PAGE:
We learn from the Purim story that leadership can be thrust upon an individual in unanticipated ways. In Ukraine, we see that theme playing out in real-time.
When Ukrainians elected former comedian and entertainer Volodymyr Zelensky as their president in 2019, we joined in welcoming him, even as we recognized his lack of government or leadership experience. There was also an element of pride in our embrace — Zelensky is Jewish, even if that was not a defining aspect of his life before his entry into politics. And we wondered how Zelensky, who played the president of Ukraine for laughs on TV, would redeem himself now that he was elected president for real.
Following Vladimir Putin’s Russia invasion of Ukraine on Feb. 24, it didn’t take long to see that Zelensky is a serious player, focused on leading and defending his people. Thus, when the Biden administration offered to help Zelensky escape Kyiv to save himself from anticipated targeted assassination, he is reported to have famously responded: “The fight is here; I need ammunition, not a ride.”
What Zelensky also didn’t need was help figuring out how to use his bully pulpit. He knew exactly what to do. And on that stage, his performance has been extraordinary and inspiring. Zelensky artfully worked to calm a terrorized nation by exuding calm, seriousness, hope, resolve and defiance. With the unshaved face of an everyman and the worn camouflage T-shirt of a fighter, the comedian cum politician was transformed. The communicator found his ultimate role.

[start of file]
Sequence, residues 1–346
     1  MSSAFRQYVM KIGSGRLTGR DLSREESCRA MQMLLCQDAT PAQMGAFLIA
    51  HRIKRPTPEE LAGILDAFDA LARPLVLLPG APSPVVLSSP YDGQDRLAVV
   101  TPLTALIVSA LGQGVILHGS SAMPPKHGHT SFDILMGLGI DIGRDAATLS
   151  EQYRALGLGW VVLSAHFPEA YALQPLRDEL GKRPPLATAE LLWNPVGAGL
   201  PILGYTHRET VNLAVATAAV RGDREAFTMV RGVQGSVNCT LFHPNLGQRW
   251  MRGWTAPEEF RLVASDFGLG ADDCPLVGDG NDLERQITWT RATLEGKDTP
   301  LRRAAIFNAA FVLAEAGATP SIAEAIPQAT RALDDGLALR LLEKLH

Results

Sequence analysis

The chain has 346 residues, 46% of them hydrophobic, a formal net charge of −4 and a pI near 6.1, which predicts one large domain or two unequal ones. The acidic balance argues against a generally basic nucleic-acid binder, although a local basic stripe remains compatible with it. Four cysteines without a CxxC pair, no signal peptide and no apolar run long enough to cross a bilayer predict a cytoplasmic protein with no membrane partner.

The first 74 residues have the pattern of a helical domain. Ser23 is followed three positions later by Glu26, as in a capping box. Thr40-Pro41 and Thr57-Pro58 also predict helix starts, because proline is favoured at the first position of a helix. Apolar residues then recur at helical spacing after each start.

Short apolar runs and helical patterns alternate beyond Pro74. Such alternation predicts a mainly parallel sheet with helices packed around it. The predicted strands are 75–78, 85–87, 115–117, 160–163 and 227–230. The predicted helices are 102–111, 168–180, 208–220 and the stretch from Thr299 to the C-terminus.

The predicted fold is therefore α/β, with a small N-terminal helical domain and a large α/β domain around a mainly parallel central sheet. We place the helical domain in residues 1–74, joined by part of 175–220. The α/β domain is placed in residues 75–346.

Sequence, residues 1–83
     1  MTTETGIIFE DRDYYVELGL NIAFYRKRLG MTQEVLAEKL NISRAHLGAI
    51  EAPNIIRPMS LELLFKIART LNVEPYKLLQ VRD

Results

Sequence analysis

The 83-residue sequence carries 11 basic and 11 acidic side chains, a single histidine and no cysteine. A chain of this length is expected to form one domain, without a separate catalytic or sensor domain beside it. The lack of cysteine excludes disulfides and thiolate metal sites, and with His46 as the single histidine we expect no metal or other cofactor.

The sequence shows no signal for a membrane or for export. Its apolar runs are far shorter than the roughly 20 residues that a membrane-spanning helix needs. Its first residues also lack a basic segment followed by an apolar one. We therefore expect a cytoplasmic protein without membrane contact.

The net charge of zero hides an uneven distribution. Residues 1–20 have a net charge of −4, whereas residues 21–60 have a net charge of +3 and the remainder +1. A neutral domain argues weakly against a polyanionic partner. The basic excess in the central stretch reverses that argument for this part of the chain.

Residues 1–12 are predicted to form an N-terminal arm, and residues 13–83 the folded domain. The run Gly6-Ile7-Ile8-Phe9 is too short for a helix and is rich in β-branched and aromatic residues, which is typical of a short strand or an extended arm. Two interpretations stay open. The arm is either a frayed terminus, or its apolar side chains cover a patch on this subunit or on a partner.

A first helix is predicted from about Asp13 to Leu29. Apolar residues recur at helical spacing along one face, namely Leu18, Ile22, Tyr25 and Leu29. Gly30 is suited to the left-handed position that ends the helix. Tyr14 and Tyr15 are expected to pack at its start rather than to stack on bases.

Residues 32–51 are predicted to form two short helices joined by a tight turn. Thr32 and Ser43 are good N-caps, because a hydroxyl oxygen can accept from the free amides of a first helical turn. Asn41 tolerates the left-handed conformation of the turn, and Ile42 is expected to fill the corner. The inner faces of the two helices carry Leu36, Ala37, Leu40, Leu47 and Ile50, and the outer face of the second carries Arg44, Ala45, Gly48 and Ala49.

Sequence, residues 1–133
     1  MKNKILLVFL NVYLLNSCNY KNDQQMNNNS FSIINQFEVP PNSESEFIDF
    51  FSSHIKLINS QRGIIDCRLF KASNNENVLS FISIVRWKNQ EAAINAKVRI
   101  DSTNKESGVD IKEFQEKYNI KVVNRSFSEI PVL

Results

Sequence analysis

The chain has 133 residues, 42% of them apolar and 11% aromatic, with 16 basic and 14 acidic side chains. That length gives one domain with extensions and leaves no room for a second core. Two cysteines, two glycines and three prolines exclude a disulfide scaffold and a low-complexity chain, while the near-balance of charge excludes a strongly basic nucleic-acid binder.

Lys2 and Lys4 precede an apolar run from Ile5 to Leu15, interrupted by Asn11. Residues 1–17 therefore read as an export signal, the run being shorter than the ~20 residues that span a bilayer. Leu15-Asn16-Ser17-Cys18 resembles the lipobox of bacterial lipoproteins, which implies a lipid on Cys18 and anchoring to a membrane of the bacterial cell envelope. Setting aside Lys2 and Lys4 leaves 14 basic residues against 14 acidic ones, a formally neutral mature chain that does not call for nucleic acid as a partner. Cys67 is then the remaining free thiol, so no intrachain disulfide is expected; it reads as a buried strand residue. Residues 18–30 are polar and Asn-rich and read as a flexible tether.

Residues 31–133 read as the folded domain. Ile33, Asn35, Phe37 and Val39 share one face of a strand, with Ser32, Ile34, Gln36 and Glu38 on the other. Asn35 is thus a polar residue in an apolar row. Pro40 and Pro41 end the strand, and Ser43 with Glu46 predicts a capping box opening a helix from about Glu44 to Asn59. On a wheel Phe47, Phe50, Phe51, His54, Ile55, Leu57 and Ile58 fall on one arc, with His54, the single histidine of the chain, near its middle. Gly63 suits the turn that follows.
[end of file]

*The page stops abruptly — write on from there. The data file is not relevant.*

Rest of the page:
Early on, Zelensky told European leaders that he was Russia’s No. 1 target — and that they might not see him again alive. In short order, he personalized a country of 44 million people into one vulnerable man. And in the process, he put Putin on notice that the whole world was watching his every move.
Zelensky also spoke to and for his nation — with emotional yet forceful reassurance — helping to rally confidence and determination in the face of overwhelming force and odds. And if Zelensky’s Jewishness was a prop before the war, it has become the key to a whole new audience as he pursued increased support in Israel and in the Diaspora with the recurring theme that “Nazism is born in silence.”
The world has taken note. As observed by Franklin Foer in The Atlantic: “It is hard to think of another recent instance in which one human being has defied the collective expectations for his behavior and provided such an inspiring moment of service to the people, clarifying the terms of the conflict through his example.”
Zelensky has demonstrated impressive skill as a public personality and leader. He shows confidence in his people and declares his place with them. He doesn’t hide, yet he doesn’t pretend that he is either safe or secure. He projects the persona, not of an elite, but of a common man. And he has become the voice and the face of a victimized people. Zelensky is Ukraine. Zelensky is Jewish. He seems to be drawing courage, strength and purpose from both.